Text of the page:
Observing the News

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In my last post, ‘How to Create the Opposite of Terror’ I discussed the feelings of powerlessness that arise whenever we hear the news of another terrorist attack in some part of the world. Although such feelings are perfectly natural, by dwelling in powerlessness and despair we overlook our capacity as individuals to create the opposite of terror in the world. So how can we begin to do this? How can we step into our power to create more unity, love and compassion on the planet? I would suggest that the first thing we can do is to develop a different approach to the news.

These days we have become so reliant on round-the-clock doses of news, whether it’s listening to hourly updates on the radio, watching live news broadcasts on television or the internet, reading newspapers online, or subscribing to news feeds on our smart phones. For most of us, however, this constant consumption of the news tends to be a rather mechanical process. We don’t usually challenge the content that is presented to us or give too much thought to how it is delivered. When we receive the news, we often do so as unconscious recipients.

But have you ever noticed that any time a terrorist attack occurs the media reports on the incident as though it is the only thing happening in the world? News of the attack is conveyed in the most dramatic manner, through eye-catching headlines, alarmist language and a sense of utmost urgency. The same images flash across our television and computer screens repeatedly and for that moment in time, all unrelated news stories seem to fall by the wayside. Such dramatized reporting helps justify the singular emphasis on an event or attack to the exclusion of any other news. Not only does this style of reporting put us into fear mode, it facilitates misperceptions of our world and grossly exaggerates the threat of terrorism.

Yet, we continue to rely on the news as an independent and impartial source of information, but how reliable is it? Far from reporting the truth, some of the reports we’ve seen in regards to the phenomena of terrorism have been inconsistent, sloppy and downright irresponsible – inconsistent in emphasising attacks in Western countries with less air time devoted to other parts of the world; sloppy in terms of grouping multiple attacks together under a single banner, despite how disparate and unconnected they might by (as seen with the series of recent attacks in Germany); irresponsible in the language that is used to describe such attacks (when will the media learn that the term’ Islamic terrorism’ is as meaningless as it is offensive? Such language only serves to create further divisions). In all these ways, it is clear that the media has become part of the problem.

In terms of the incidents themselves, there is no denying that they are troubling, but by continuing to rehearse the horror and details of each attack, we deliberately overlook other aspects that are of equal, if not greater importance. For example, there is one factor that all terrorist attacks have in common, and that is the overwhelming outpouring of love and empathy that arises in their immediate aftermath. Across each and every situation, we have witnessed a coming together of people and expressions of compassion among complete strangers, irrespective of race, religion and distance. These attacks may be fuelled by ignorance and hate, but they also generate love and bring people together. This was evident in the hundreds of Muslims who attended Catholic Mass in Rouen, and other parts of France, in a show of solidarity following the murder of Father Jacques Hamel. This story did not receive as much attention in the media as the initial attack. But why should we treat this show of solidarity as little more than a post-script, when it shows a much more authentic reflection of the human spirit than the attack itself?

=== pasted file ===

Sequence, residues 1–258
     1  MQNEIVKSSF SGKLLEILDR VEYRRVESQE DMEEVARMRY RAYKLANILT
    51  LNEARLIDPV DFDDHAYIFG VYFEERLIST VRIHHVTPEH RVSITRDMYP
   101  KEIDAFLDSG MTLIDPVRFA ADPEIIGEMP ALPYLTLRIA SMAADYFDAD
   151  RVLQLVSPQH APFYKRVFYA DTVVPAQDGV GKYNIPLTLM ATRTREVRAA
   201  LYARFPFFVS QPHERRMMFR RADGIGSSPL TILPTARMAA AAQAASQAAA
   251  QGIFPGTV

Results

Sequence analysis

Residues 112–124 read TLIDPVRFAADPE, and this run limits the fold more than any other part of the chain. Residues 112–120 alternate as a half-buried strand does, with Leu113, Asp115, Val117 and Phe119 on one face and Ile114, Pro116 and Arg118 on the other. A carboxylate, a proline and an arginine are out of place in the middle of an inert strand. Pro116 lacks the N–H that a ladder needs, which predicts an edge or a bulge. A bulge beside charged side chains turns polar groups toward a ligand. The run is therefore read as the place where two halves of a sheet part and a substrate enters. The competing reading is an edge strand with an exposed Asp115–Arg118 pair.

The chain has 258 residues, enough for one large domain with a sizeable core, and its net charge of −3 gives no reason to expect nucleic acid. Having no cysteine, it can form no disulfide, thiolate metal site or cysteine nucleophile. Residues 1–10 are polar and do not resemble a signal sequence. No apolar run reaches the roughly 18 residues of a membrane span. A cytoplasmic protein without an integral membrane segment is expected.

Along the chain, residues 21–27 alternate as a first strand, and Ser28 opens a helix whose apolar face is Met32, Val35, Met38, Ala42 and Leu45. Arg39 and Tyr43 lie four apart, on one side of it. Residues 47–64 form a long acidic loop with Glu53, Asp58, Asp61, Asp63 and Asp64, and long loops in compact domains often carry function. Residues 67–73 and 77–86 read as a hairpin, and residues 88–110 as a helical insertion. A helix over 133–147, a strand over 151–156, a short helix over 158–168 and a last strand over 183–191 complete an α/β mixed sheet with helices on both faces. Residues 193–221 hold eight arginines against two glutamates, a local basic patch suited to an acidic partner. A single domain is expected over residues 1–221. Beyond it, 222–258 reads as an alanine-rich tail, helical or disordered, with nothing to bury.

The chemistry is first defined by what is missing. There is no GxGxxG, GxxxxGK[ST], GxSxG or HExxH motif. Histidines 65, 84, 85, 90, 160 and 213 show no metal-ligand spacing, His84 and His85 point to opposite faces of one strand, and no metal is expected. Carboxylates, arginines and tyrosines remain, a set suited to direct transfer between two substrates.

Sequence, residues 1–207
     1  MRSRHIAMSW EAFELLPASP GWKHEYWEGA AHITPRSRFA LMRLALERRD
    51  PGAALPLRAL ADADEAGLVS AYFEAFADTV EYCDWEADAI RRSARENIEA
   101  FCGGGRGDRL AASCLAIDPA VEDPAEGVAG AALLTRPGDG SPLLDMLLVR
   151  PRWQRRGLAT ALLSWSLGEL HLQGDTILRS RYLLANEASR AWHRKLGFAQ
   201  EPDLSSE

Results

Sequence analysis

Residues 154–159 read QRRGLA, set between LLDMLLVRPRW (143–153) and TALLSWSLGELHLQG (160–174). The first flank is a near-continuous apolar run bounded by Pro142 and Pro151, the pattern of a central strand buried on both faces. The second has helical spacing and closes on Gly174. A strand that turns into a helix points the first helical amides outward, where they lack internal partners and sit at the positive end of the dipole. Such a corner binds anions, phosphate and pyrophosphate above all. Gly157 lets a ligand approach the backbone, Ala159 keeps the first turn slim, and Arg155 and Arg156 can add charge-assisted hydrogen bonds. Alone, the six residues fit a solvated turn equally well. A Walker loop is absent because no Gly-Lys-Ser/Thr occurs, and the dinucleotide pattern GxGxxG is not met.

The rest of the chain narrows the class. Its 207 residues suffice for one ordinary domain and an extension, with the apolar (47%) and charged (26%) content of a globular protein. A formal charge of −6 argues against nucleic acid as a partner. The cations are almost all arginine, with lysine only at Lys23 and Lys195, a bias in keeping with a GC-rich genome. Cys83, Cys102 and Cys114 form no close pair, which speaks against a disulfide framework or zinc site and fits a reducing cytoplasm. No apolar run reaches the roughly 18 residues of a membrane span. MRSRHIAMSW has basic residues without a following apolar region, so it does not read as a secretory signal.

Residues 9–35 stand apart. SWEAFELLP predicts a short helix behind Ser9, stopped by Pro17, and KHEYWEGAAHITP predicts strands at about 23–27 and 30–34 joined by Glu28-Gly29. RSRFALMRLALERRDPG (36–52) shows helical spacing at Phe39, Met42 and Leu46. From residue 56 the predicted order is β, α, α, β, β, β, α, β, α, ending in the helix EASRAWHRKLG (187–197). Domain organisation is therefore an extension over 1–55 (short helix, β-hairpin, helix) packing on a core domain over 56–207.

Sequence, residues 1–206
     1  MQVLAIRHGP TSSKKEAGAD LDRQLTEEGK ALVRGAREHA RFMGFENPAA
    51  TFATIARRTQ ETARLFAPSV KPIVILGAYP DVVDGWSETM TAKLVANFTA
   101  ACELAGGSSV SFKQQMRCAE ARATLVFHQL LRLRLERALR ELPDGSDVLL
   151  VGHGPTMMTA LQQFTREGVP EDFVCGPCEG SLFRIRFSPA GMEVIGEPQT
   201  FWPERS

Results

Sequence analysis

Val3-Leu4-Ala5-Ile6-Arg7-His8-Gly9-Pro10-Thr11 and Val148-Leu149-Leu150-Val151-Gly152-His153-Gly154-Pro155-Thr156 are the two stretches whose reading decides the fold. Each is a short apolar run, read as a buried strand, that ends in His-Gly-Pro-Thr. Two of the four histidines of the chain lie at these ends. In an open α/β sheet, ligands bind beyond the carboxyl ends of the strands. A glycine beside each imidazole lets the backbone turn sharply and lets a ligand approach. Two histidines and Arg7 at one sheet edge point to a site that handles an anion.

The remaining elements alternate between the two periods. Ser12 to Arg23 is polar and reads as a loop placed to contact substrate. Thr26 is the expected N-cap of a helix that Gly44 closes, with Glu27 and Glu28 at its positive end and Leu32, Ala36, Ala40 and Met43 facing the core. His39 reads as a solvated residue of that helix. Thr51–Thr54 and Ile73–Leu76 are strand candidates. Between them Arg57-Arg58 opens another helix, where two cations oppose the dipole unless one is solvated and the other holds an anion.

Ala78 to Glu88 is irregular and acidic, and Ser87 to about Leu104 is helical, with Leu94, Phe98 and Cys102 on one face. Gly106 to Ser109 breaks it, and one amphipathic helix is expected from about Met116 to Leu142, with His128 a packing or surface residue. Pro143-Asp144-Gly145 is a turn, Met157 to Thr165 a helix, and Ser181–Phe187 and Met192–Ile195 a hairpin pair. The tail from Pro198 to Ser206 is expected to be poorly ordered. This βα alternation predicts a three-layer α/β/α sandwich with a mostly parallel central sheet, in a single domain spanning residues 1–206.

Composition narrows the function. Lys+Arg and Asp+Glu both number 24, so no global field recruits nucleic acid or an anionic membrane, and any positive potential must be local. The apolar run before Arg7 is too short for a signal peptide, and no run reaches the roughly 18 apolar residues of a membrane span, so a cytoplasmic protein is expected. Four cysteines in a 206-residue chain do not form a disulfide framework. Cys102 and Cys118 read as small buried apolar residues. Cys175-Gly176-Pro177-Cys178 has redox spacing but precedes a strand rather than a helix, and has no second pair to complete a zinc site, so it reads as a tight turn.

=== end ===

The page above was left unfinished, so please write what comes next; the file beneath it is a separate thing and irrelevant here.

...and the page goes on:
If we want to create the opposite of terror in the world, we need to shift from being passive recipients of the news to conscious observers. This will require us to approach the news with a greater degree of discernment, to limit our exposure to alarmist reporting, and to seek a more authentic account of the world. On this latter point, it is worth highlighting that in addition to all of the attacks we’ve recently heard about, there have been many positive and uplifting developments that have transpired over the past month. Those who are interested in learning more about this are invited to explore the Inspired News Network (INN).

If we are able to become conscious observers of the news, we can begin to create some much-needed distance between ourselves and the events that occur in our world. From that space, we are better placed to respond (rather than react) to incidents of terrorism. I will pick up on the theme of responding versus reacting to terrorism in my next post, so please stay tuned.

Our Common Humanity

Although I don’t remember very much from the years I spent in high school, something I will never forget is learning about the Holocaust. I was fifteen years old at the time and recall being brought to tears during a history lesson as I learned about the slaughter of six million Jews during World War II.

I felt so deeply connected to the events that unfolded in Europe between the years of 1939 and 1945. It was almost as though I was living through this period while simultaneously learning about it for the first time. And even though I knew how things had turned out, I still continued to hope for a different ending to this gruesome chapter in human history. It was a strange sensation. A desperation to stop something that had already happened. Nothing before or since that time has ever haunted me in quite the same way. The thing that distressed me most about the genocide was how the world just stood by and did nothing to stop it. How on earth could people let this happen?